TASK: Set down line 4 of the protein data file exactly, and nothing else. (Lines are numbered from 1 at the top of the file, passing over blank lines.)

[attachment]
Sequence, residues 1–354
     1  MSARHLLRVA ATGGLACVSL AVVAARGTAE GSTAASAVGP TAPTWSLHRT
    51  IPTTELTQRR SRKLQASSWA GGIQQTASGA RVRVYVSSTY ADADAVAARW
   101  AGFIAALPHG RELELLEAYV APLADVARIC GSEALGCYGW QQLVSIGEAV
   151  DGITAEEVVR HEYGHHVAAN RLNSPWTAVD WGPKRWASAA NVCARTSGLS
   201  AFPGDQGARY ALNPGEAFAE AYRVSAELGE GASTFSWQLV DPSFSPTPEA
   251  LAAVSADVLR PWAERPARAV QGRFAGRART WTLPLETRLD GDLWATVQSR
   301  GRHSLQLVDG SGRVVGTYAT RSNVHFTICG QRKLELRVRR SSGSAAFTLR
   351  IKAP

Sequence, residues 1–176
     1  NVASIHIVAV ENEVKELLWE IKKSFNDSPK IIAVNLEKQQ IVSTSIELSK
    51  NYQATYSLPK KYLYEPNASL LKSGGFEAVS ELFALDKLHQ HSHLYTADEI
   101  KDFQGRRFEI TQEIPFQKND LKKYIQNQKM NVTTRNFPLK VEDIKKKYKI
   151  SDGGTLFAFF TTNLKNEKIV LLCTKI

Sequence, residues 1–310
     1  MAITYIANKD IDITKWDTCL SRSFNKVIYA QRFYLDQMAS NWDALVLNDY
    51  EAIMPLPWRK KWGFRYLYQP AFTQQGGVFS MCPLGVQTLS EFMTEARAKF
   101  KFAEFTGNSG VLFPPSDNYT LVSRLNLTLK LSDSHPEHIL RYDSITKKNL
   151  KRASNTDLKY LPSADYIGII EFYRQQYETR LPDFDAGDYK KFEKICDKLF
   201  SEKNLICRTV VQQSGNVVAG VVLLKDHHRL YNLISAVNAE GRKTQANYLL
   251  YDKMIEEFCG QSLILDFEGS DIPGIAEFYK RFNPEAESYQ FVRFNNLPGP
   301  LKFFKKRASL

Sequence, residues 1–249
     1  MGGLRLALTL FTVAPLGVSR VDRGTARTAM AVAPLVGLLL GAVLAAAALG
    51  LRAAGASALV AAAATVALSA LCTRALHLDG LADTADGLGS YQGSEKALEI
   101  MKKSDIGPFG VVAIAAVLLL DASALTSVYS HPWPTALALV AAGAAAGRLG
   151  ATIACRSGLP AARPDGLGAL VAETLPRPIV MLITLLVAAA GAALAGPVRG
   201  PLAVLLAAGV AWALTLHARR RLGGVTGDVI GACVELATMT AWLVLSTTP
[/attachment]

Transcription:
   101  AGFIAALPHG RELELLEAYV APLADVARIC GSEALGCYGW QQLVSIGEAV